Recording NG9-1-1 communications involves much more than capturing voice and some basic data. NG9-1-1 logging recorders now require tighter integration of technologies and processes than yesterday's recorders were designed for. Considering that recording emergency communications is a must these days as it will be in the future, let’s look into 'what's under the hood' in this important, but often overlooked area.
VPI recently participated in Avaya’s TechTalk podcast where the two long-term partners and industry leaders in innovative technologies for processing and managing emergency communications shared their insights on NG9-1-1 call recording requirements and considerations in an informal, engaging conversation. You're invited to listen to these 6 minutes of recorded audio or read the Podcast transcript:
Public Safety Emergency Communication centers are known for the use of many different proprietary technologies, specifically developed for use in emergency response process. How is this changing due to Next Generation 9-1-1 standards and how is it impacting the communications recording function?
Next Generation 9-1-1 is one of the most significant changes we’ve seen in the public safety industry in years. The functional specification for the NENA i3 solution 08-003 calls for standardization of all multimedia communications, technologies and processes. PSAPs – or Public Safety Answering Points – must be updated to be able to receive and log all forms of communication used today – whether it’s voice, text or other media. And they must be able to accept new forms of evidence from the field, including mobile photos, videos and SMS messages that will be delivered via the SIP protocol standard over the Emergency Services IP Network – or ESiNet for short.
To accommodate these specs, technology vendors, including recording providers like VPI, are required to standardize their NG9-1-1 call recording system architectures, interfaces and communication protocols, so that PSAPs can easily share and exchange information with other agencies when needed.
That’s very interesting. Where does VPI’s Next Generation 911 call recording system fit within the NG9-1-1 communications infrastructure?
Recording systems play very important role in Next-Gen 9-1-1. Regardless of call media type being transferred – whether it’s phone call, text, video or IM – the media is converted to SIP signaling within the originating network. Then, it travels through ESInet and is routed to the appropriate i3 PSAP. There, the Emergency Call Routing Function queries what’s called an Emergency Services Routing Proxy like Avaya’s Aura ESRP to determine which PSAP to route the call to. Once the call media has arrived to the most appropriate PSAP, our NG9-1-1 call recorder captures SIP Invite packets from the ESRP and begins recording media and logging events. When a call is completed, a SIP BYE event terminates the recording of the call. And at that time, any associated call data attributes, such as location information, are recorded and logged into our database and then authorized users are able to access recordings via a centralized, Web-based interface.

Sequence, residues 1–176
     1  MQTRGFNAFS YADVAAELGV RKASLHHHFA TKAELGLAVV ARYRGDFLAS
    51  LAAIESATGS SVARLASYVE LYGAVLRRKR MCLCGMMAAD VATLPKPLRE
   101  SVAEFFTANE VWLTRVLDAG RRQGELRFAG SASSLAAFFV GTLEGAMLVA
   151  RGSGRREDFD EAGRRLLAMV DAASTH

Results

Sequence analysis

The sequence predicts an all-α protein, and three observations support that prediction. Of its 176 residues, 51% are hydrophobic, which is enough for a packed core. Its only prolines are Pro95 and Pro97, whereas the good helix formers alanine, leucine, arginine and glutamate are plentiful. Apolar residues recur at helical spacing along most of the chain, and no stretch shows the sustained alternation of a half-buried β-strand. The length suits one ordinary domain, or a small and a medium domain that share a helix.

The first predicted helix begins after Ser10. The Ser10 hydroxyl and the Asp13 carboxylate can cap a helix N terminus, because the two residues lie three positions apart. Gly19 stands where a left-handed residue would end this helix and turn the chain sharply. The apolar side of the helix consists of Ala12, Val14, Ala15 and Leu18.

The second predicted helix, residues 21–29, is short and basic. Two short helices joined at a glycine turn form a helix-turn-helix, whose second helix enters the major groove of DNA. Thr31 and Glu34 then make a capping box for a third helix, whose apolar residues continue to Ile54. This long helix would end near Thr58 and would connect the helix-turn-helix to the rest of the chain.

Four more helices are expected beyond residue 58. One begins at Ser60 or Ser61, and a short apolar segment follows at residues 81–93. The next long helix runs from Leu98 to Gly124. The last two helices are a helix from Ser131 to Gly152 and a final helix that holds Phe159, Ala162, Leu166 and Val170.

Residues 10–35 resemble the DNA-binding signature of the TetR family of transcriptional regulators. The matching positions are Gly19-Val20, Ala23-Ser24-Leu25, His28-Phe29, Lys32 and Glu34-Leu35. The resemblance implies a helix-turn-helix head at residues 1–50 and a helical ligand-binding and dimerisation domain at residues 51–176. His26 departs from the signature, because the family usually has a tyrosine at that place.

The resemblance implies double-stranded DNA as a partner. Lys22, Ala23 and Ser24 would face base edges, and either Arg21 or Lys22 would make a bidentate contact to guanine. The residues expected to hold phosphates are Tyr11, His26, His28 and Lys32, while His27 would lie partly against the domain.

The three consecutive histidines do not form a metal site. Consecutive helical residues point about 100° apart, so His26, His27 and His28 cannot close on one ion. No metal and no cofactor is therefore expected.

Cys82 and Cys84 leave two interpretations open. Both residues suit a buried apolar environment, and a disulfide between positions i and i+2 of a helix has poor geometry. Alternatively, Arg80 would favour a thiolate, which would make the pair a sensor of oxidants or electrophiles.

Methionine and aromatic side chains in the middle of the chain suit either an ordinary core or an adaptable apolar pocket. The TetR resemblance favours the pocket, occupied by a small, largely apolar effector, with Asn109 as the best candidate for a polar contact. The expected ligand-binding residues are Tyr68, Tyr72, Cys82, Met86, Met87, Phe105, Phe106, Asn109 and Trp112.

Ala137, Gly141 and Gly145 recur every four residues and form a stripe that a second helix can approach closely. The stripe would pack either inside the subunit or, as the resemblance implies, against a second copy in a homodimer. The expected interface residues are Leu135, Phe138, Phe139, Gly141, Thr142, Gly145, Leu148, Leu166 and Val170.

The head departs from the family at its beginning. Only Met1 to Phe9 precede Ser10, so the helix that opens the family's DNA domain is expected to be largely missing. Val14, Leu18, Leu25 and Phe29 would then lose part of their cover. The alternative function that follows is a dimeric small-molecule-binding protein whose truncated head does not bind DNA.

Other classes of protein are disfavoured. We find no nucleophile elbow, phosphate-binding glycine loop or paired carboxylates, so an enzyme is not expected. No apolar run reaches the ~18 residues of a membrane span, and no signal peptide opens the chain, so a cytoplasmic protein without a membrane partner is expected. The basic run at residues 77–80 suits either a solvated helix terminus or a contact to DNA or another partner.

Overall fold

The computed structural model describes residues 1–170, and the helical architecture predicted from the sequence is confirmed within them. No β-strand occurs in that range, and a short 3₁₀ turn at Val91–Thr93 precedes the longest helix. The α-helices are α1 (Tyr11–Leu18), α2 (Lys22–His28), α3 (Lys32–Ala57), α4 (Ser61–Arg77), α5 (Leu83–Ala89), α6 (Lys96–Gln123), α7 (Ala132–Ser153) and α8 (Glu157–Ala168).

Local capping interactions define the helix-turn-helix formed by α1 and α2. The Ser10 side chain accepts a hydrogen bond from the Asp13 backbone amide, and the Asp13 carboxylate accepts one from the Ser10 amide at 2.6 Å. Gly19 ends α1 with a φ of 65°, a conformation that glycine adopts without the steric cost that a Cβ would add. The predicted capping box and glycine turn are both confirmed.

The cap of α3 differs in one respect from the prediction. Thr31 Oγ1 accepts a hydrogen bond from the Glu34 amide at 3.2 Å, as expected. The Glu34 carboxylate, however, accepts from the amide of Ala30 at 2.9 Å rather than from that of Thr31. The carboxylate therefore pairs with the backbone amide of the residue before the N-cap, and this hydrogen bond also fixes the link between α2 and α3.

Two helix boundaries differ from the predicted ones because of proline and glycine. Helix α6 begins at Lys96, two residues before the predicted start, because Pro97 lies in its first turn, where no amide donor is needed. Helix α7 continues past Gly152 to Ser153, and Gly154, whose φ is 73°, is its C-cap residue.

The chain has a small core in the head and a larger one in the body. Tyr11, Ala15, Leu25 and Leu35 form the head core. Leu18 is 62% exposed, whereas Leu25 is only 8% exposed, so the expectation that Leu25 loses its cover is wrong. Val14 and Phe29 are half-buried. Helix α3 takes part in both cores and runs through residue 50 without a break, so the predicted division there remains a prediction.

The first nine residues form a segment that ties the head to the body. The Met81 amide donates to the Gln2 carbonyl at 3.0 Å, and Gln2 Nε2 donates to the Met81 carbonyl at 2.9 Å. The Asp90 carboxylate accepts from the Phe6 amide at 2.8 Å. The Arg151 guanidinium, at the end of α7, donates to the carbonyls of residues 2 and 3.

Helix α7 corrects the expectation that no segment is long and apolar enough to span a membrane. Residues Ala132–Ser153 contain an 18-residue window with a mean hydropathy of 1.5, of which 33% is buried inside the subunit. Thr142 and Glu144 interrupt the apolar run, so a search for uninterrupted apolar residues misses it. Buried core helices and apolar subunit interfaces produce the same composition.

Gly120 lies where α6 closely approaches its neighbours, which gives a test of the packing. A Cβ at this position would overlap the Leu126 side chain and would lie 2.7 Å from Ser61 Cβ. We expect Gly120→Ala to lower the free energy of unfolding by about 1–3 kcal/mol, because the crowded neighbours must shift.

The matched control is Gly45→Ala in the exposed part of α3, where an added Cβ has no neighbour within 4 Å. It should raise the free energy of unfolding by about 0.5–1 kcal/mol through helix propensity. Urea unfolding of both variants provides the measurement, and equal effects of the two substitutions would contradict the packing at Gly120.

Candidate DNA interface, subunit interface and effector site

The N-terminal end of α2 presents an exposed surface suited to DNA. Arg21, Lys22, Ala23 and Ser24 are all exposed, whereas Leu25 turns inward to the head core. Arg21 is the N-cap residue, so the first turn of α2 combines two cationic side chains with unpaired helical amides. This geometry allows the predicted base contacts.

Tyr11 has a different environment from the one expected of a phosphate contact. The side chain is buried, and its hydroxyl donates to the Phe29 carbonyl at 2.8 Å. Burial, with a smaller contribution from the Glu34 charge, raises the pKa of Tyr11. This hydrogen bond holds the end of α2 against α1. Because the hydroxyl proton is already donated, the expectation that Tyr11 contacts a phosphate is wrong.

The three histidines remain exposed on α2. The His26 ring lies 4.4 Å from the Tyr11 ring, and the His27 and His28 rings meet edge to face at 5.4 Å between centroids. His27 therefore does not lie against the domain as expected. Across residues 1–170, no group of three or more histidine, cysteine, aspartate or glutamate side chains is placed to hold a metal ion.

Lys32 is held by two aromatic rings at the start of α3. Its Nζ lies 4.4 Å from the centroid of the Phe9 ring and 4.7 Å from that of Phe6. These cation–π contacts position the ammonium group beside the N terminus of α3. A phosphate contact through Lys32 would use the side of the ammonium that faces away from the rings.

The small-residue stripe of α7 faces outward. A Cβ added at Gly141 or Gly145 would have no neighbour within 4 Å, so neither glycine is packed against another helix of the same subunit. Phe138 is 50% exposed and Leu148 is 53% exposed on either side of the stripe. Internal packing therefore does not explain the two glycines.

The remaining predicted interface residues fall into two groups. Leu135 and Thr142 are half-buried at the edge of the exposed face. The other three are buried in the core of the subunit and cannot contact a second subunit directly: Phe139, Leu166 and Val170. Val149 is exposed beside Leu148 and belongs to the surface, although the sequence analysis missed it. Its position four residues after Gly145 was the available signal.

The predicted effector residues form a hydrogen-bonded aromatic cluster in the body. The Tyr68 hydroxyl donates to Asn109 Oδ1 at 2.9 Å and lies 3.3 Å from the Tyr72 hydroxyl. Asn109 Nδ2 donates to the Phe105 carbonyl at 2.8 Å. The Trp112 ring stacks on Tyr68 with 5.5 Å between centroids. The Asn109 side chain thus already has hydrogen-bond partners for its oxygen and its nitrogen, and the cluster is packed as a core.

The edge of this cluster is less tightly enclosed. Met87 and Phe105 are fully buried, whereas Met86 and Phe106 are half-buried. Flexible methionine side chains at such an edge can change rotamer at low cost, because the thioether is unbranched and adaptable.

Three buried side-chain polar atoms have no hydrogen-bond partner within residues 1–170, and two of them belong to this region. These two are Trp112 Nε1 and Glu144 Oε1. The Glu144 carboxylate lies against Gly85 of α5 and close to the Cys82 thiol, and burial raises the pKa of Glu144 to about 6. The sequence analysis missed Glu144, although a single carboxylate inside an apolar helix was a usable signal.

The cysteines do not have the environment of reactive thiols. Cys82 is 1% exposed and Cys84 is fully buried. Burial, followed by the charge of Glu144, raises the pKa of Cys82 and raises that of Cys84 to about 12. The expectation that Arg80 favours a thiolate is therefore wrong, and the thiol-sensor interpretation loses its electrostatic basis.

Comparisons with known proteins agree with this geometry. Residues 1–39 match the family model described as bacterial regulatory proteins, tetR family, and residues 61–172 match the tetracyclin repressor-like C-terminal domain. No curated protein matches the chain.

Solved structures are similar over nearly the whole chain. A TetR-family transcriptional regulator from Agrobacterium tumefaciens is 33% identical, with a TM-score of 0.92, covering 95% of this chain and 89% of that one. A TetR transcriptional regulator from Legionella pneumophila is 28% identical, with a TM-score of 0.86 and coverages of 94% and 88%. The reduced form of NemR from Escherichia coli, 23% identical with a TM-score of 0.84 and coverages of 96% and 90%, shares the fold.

What are the mandatory elements of a NG9-1-1 logging recorder system?
That’s an excellent question – one that we get asked quite a lot these days.
- Our Next Generation 911 logging recorder technologies have been developed on the principles of open service-oriented architecture from the ground up since 1994, encompassing non-proprietary hardware and software elements as well as application services and processes between them. This is the first mandatory requirement per NENA’s i3 specification.
- The system must be capable of recording analog, TDM, VoIP, radio, wireless calls and SIP-based media including SMS text, email and instant messages, streaming video, and images into standard file formats – and all within the same system.
- The recorder must be also capable of collecting data attributes from the ESInet such as caller number, date stamp and location information bundled in the SIP signaling. Other data that is also very useful includes CAD data such as incident ID, type, and severity; and case processing data such chief complaint, scene and victim information and caller safety.
- If the call is transferred to another PSAP location, the recording system must continue to record and track the call.
- And for security purposes, the recorder must authenticate all voice and data communications.
Do you have any final thoughts that you’d like to leave with our global community of Avaya customers and partners?
Yes, NENA is planning on releasing their final version of the 08-003 i3 specification later this year. With this in mind, our VPI CAPTURE recording solution has been designed to enable you to take full advantage of the i3 network vision. To learn more, you can visit us online at www.VPI-corp.com/PSAP, or feel free to call us anytime at 800-200-5430. And on behalf of all of us at VPI, thanks so for your time today.
VPI has been one of Avaya’s longest standing Avaya DevConnect partners a member of the Avaya Developer Connection program since 2002. VPI is also an active participant in the National Emergency Number Association’s NG9-1-1 Planning Committee and testing at NENA’s Industry Collaboration Events.